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digitalmars.D.learn - types of exceptions

reply "Ameer Armaly" <ameer_armaly hotmail.com> writes:
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Hi.
Maybe I'm missing something, but why does almost every module in phobos =
have its own type of exception, which is just a wrapper for the base =
class?

--=20



Ameer
---
Visit my blog at
http://ameerarmaly.blogspot.com
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 Usually it's your choice. You can whine or you can laugh.
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Nov 23 2005
next sibling parent MWolf <MWolf_member pathlink.com> writes:
In article <dm2o11$1t5e$1 digitaldaemon.com>, Ameer Armaly says...
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Hi.
Maybe I'm missing something, but why does almost every module in phobos =
have its own type of exception, which is just a wrapper for the base =
class?

--=20



Ameer
---
Visit my blog at
http://ameerarmaly.blogspot.com
---
Life is either tragedy or comedy.
 Usually it's your choice. You can whine or you can laugh.
--Animorphs
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<DIV><FONT face=3DArial size=3D2>Hi.</FONT></DIV>
<DIV><FONT face=3DArial size=3D2>Maybe I'm missing something, but why =
does almost=20
every module in phobos have its own type of exception, which is just a =
wrapper=20
for the base class?</FONT></DIV><FONT face=3DArial size=3D2>
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href=3D"http://ameerarmaly.blogspot.com">http://ameerarmaly.blogspot.com<=
/A><BR>---<BR>Life=20
is either tragedy or comedy.<BR>&nbsp;Usually it's your choice. You can =
whine or=20
you can laugh.<BR>--Animorphs</FONT></DIV></BODY></HTML>

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So you can catch specific exceptions?
Nov 23 2005
prev sibling parent Chris Sauls <ibisbasenji gmail.com> writes:
Ameer Armaly wrote:
 Hi.
 Maybe I'm missing something, but why does almost every module in phobos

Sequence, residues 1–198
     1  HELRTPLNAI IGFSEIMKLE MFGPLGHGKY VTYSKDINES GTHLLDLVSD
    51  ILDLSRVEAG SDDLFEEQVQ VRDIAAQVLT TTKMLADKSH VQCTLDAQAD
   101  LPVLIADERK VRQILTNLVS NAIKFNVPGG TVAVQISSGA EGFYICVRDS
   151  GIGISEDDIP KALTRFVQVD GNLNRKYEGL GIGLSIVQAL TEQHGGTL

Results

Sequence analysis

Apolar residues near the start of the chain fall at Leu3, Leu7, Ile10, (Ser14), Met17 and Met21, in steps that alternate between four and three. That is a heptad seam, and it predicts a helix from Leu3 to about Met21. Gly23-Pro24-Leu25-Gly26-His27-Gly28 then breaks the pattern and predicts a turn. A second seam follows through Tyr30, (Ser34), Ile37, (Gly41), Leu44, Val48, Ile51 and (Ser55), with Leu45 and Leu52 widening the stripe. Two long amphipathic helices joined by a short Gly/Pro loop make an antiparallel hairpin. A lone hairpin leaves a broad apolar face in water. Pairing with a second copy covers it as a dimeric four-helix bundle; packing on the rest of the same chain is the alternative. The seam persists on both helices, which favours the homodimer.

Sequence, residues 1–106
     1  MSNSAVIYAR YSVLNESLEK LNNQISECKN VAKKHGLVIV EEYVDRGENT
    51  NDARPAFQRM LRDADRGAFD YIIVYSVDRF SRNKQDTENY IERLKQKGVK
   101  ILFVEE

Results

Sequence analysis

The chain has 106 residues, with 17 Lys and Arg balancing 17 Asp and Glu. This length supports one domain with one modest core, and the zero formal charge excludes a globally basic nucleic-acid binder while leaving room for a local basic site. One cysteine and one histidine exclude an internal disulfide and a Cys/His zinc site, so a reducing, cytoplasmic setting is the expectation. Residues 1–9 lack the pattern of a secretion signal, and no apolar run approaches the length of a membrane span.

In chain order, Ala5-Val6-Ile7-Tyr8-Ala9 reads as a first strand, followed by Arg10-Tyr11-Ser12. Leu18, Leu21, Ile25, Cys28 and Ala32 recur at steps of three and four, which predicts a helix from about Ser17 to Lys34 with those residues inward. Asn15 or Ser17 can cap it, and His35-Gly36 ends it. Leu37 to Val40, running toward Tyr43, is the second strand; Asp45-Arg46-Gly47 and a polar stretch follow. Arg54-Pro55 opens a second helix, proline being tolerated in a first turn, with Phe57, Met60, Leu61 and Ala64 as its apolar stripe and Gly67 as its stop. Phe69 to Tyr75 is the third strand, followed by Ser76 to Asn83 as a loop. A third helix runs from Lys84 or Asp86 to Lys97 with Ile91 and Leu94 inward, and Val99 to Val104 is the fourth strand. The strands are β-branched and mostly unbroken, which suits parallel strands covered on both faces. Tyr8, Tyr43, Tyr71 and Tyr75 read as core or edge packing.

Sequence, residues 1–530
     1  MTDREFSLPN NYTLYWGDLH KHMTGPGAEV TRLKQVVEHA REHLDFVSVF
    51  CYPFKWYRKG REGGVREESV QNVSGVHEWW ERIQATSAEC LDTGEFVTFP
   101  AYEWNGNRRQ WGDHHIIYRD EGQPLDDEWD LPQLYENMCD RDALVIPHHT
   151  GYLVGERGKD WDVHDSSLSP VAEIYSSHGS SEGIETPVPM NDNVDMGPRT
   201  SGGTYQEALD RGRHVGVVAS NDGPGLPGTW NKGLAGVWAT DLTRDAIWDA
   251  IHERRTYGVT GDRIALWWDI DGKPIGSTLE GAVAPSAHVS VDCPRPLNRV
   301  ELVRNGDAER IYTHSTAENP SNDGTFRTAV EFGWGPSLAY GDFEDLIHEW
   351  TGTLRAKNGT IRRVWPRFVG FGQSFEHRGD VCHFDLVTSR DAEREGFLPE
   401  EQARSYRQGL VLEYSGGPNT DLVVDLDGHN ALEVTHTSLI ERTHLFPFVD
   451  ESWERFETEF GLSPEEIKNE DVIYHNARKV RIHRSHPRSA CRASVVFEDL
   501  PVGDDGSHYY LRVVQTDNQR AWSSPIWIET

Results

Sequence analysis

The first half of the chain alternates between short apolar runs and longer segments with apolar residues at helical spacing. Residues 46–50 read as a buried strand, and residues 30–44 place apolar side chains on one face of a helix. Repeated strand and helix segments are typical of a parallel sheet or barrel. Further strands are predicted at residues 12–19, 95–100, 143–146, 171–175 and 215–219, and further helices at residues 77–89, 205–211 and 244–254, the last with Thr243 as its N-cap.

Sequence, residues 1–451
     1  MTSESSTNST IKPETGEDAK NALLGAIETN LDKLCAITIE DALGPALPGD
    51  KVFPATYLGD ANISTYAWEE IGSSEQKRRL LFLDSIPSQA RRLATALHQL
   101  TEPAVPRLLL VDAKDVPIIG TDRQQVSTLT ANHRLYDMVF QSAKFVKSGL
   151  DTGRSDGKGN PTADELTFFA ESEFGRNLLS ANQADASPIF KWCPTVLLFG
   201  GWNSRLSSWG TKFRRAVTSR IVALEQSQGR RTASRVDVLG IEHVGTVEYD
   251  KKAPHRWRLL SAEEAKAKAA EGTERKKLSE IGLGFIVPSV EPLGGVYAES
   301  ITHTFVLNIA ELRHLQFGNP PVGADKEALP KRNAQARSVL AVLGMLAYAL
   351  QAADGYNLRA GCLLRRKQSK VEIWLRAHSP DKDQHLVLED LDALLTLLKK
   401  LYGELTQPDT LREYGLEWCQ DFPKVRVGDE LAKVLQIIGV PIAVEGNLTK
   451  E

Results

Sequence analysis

have its own type of exception, which is just a wrapper for the base class?
 
 Ameer

I'll give you an explanation by giving you an (heavily watered down) example from one of my own projects. This particular program runs one of a number of functions based on user input ("command lines" essentially). These functions, in turn, might throw one of "InvalidArgsException" or "InvalidStateException." Both of these are just "empty children" as I like to say, or in other words: # class InvalidStateException : Exception { /*empty*/ } (( On a side note, maybe it'd be nifty to be able to just use a semicolon in these cases? Something like 'class Foo : Bar;' ...or not, its personal taste, I suppose. )) Now then, these functions get called with code along these lines: # try { # Commands.exec(input); # } # catch (UnknownCommandException ucx) { # // report exception, check for similar commands to suggest # } # catch (InvalidArgsException iax) { # // report exception, print usage text # } # catch (InvalidStateException isx) { # // report exception, print current state (makes sense in context) # // make command recommendation based on state (aka, what was most likely meant) # } So, while the new exceptions don't directly add any functionality, they allow me to take real advantage of the try{}catch{} syntax. The alternative is to use a single Exception child with a "Type" enum. Something like: # enum MyXType { # UnknownCommand, InvalidArgs, InvalidState # } # # class MyException : Exception { # this (char[] msg, MyXType t) { # super(msg); # p_type = t; # } # # MyXType type () { return p_type; } # # private MyXType p_type; # } But then my try{}catch{} turns into something like: # try { # Commands.exec(input); # } # catch (MyException mx) { # switch (mx.type()) { # case MyXType.UnknownCommand: # ... break; # # case MyXType.InvalidArgs: # ... break; # # case MyXType.InvalidState: # ... break; # # default: # /* eek?! */ # } # } I like the first way better, myself. :) -- Chris Sauls
Nov 26 2005